Case 833 -- A 4 week-old boy with an abdominal mass

Contributed by Diana Thomas, MD, PhD and Miguel Reyes-M˙gica, MD


The patient is a 4 week-old male infant born at 41 weeks gestation via Cesarean section to a 26 year-old mother who received good prenatal care. Prenatal ultrasounds performed at 20 weeks and 40 weeks gestational age were unremarkable. The delivery was uneventful. On physical exam in the newborn nursery the baby was noted to have right cryptorchidism and a palpable right-sided abdominal mass.


An abdominal ultrasound on postnatal day 4 demonstrated a mass within the right periumbical region with heterogeneous cystic and solid components and confluent areas of calcification resembling a vertebral axis. An abdominal x-ray showed calcifications in the region of the mass seen on ultrasound, suggestive of a teratoma. Subsequent abdominal MRI done at 2 weeks of age showed a large, well-defined encapsulated mass approximately 6.8 x 5.0 X 6.0 cm in size (image 1). A variety of elements were present within the mass including fluid, dense fluid, calcification and fat. Also present was well-organized, randomly distributed bony tissue in the configuration of two separate femora (image 2), as well as evidence of metameric segmentation, represented by a vertical configuration of bone resembling a lumbar vertebral spine (image 3). The mass appeared to be retroperitoneal and was inferior to the right lobe of the liver causing mass effect on the gallbladder and right kidney. There was no evidence of retroperitoneal lymphadenopathy. A follow-up ultrasound of the descended left testis was unremarkable.


Serum levels of the tumor markers AFP and β-HCG were normal for age. Serum estrogen and testosterone levels were also normal.


The patient underwent exploratory laparotomy and excision of the retroperitoneal tumor at 4 weeks of age. The specimen consisted of a red-gray, ovoid, solid and cystic mass weighing 157 grams and measuring 7.5 x 6.0 x 5.5 cm (image 4). The outer surface was smooth and dull with prominent vascularity. A membranous fibrovascular strip with an engorged vein was attached along one aspect. The outer membrane was opened and reflected to reveal cystic cavities containing clear serous fluid and a fetiform mass with rudimentary upper and lower extremities (images 5, 6 and 7). An empty cranial vault was adjacent to the largest lobe of the mass with a recognizable base of skull and presumed foramen magnum (image 8). CT imaging of the mass corroborated the presence of portions of the axial and appendicular skeleton. Sections through the mass showed segments of long bone supported by overlying skin and edematous subcutaneous tissue. Thoracic and abdominal viscera were not seen. An eccentric cystic and solid nodular region measuring 2.0 x 2.0 x 1.0 cm was attached to the mass by a cordlike structure resembling umbilical cord. Gonadal tissue was not seen. A representative portion of skin with subcutis was sent for cytogenetic studies.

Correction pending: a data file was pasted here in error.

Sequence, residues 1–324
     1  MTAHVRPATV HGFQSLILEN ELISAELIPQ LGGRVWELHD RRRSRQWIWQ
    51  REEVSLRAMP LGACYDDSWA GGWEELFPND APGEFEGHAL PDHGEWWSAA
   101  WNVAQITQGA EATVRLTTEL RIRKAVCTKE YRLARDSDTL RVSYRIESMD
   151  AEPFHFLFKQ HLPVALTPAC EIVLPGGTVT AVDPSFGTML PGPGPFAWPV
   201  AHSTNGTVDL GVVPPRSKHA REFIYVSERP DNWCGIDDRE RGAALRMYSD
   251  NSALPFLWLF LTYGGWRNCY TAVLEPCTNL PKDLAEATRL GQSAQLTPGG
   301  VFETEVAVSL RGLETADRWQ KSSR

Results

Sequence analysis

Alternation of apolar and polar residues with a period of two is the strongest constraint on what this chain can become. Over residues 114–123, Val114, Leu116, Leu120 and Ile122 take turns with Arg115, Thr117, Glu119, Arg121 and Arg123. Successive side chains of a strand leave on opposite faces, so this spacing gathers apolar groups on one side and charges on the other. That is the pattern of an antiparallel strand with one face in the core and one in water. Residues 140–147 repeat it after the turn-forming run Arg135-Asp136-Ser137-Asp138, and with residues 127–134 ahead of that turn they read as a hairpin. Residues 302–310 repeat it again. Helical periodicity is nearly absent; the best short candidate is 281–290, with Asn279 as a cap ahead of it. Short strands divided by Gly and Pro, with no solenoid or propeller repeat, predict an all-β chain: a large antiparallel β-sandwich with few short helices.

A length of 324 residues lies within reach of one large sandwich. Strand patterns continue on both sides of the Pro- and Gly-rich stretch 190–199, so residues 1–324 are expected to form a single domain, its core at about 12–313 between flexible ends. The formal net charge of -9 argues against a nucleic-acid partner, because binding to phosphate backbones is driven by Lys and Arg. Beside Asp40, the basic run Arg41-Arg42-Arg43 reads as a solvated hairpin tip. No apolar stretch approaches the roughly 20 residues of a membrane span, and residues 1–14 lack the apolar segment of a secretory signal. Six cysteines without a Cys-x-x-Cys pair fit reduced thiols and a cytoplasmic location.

Histologic sections showed solid and cystic areas containing multiple tissue elements including: seminiferous cords, epididymis (likely representing remaining testicular parenchyma adjacent to the fetiform mass), bone with trilineage bone marrow, cartilage, intestinal-type mucosa overlying muscle layers containing hypertrophic nerve trunks and ganglion cells, skin with adnexal structures, mature and immature adipose tissue, skeletal muscle, and adrenal cortex (images 9, 10, 11, 12, 13, 14, 15, 16, 17, 18 and 19). Structures reminiscent of embryonal lung were also present. No immature germ cell components were identified.


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